Lisa couldn't help acknowledging his appeal. And that was why she'd never call him Dylan.
"I'm in all day today, though," he continued. "You won't have to put her off if she does call."
"Good enough." She glanced at the file folder on her desk, making it look more urgent than it was. Dylan waited a moment, then left.
"Your mother is on line two, Mr. Matheson."
Dylan shook his head at the official address. Since Lisa had started he'd been trying to get her to call him Dylan. Once in a while she'd slip, but for two weeks he'd been Mr. Matheson to her. Made him feel like his father.
He hit the intercom button. "Thanks, Lisa."
Then he sucked in a long, slow breath and picked up the phone.
"Dylan, darling. Your sister Chelsea tells me you won't be coming until Thursday evening. You'll miss the luncheon her future in-laws are having on Wednesday."
Trust his mother to dispense with the niceties and dive right in. "You mean we're not eating enough at the rehearsal party and at Chelsea and Jordan's wedding?"
Stephanie Matheson was silent a moment, as if trying to figure out what he'd said. "It's just a chance to get to know each other," she said finally, a sigh of displeasure sifting through her voice. "Just a small affair. Why can't you come?"
"I've already booked the flight, Mother." Dylan leaned back in his chair, massaging his forehead with his fingertips. The faint pressure was starting already. "I won't come any sooner."
"And you'll be staying at the house until the anniversary?"
"Of course." Not his choice, but staying in a hotel was not worth the gentle insurrection that would be staged by the combined forces of his sisters and his mother. He would have preferred a little more distance from his father. He would also have preferred to leave after the wedding. He had a ton of work to do before he left the company. He had an important meeting with his new partners the day of his return flight, but his parents' thirty-fifth anniversary was important and he knew he had to attend. Besides, it was sort of a swan song—the last time he would see his father as a partner in Matheson Telecom. When he came back, he would jump right into his new job.
So for the ten days they were going to be together, he and his father, Alex, would have to at least pretend to get along.
"That's wonderful. And of course you'll be bringing an escort to the wedding and our anniversary?"
Dread dropped on his shoulders.
When Chelsea had phoned to get his tuxedo size for the wedding she'd told him he had better bring his current girlfriend or she and his mother would find someone for him. However, since the phone call and the present moment, he and Felicia had broken up.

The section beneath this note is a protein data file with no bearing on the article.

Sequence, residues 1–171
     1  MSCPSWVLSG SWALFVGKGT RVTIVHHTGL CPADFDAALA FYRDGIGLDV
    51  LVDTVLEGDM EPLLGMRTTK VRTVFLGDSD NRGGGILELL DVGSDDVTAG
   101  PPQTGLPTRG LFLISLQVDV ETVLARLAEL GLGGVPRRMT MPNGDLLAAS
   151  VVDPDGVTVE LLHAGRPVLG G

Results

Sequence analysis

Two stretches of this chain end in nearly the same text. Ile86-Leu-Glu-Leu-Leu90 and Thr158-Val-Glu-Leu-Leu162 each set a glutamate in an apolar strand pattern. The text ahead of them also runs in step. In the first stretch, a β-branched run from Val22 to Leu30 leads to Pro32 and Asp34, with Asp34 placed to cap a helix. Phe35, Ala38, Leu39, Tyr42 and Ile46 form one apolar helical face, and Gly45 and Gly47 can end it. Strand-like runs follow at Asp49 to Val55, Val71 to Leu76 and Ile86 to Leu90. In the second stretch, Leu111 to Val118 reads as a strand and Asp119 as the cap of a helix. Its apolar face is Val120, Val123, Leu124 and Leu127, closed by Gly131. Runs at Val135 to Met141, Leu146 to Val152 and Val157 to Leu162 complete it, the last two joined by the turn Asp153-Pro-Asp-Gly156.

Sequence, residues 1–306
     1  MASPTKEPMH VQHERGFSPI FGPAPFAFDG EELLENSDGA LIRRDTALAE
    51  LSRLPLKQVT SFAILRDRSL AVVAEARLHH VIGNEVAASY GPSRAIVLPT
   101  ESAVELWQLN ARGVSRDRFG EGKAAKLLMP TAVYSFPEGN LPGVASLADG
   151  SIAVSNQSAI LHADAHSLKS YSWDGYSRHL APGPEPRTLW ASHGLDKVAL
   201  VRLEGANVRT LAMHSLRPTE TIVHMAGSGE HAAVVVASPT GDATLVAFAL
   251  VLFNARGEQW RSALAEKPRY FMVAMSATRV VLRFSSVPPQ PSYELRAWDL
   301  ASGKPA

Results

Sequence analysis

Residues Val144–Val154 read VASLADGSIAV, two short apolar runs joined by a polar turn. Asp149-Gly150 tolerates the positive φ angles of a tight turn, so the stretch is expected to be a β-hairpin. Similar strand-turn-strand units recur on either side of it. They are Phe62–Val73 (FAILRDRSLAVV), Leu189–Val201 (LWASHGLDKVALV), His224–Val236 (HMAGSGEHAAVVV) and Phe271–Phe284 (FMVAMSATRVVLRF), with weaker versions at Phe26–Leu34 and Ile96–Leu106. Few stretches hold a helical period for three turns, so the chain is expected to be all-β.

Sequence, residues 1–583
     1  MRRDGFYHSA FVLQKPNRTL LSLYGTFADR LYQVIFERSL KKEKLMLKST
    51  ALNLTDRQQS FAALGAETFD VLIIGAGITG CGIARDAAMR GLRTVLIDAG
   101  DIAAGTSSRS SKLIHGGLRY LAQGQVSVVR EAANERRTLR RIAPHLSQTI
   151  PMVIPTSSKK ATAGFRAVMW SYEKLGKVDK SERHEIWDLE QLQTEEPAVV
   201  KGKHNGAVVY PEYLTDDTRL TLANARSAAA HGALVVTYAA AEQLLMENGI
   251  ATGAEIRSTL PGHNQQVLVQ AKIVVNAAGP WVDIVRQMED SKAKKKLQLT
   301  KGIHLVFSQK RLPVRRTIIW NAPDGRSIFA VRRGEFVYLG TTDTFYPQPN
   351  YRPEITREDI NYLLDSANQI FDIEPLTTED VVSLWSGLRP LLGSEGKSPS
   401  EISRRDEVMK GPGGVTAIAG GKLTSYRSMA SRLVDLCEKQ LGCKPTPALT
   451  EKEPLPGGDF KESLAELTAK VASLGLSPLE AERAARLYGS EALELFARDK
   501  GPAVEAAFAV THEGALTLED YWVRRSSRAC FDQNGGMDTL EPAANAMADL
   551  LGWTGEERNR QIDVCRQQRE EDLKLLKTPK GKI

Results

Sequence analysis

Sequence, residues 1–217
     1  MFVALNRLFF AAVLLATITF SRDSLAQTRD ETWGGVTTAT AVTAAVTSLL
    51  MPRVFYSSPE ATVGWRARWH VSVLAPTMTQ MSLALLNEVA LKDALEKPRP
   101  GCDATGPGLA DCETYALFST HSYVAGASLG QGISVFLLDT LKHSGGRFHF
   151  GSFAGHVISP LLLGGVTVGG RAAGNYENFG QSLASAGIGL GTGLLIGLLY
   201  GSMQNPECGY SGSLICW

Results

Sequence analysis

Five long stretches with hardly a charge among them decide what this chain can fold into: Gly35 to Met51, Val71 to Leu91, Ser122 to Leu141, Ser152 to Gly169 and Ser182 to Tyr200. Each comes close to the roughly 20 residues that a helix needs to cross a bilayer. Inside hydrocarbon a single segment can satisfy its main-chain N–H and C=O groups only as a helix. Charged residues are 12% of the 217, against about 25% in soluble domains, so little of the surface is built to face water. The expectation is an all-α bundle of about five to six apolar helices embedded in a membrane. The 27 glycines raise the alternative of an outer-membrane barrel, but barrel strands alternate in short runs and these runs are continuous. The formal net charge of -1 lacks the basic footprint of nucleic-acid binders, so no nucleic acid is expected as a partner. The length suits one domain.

If he let his mother know he was coming alone now, she would be on the phone before it was cold in her hands, arranging, plotting and planning with her sisters and all the mothers of eligible daughters who were "so wonderful, Dylan."
A light knock at the door granted him a momentary respite.
"Just a moment, Mother," Dylan said, then laid his hand on the mouthpiece. "Come in."
Lisa entered, holding a sheaf of papers for him to sign. When she saw him on the phone she half turned as if to leave again, but he waved her in. "I'll just be a moment," he said quietly.
He tucked the phone under his chin and uncapped his pen.
"Amber and Erika wanted to have a welcome-home party after the wedding," his mother continued. "As if I have time. Honestly, those girls seem to think putting together a party is as easy as ordering coffee." Stephanie laughed lightly as Dylan's signature on the letters grew larger, bolder. His sisters organizing a party. Now, there was a scary proposition. Giggly girlfriends and heavy hints.
"Anyhow, they were wondering if your girlfriend was going to be coming with you. What's her name again?"
Dylan's pen dug into the page. "Felicia won't be coming." His ex-girlfriend's deceit still stung. That she had been seeing someone else had been bad enough. That it had been one of his employees made it worse.
Ex-employee, he amended.
"I told the girls you would probably come alone."
Dylan could practically feel his mother's spine stiffening. It wasn't enough that one sister had dutifully married young and provided his mother with grandchildren, that his brother was also married and that a second sister was going to make the trip down the aisle. Stephanie wanted to see Dylan settled, as well.
Trouble was, he had never found anyone who captivated him enough to take the chance.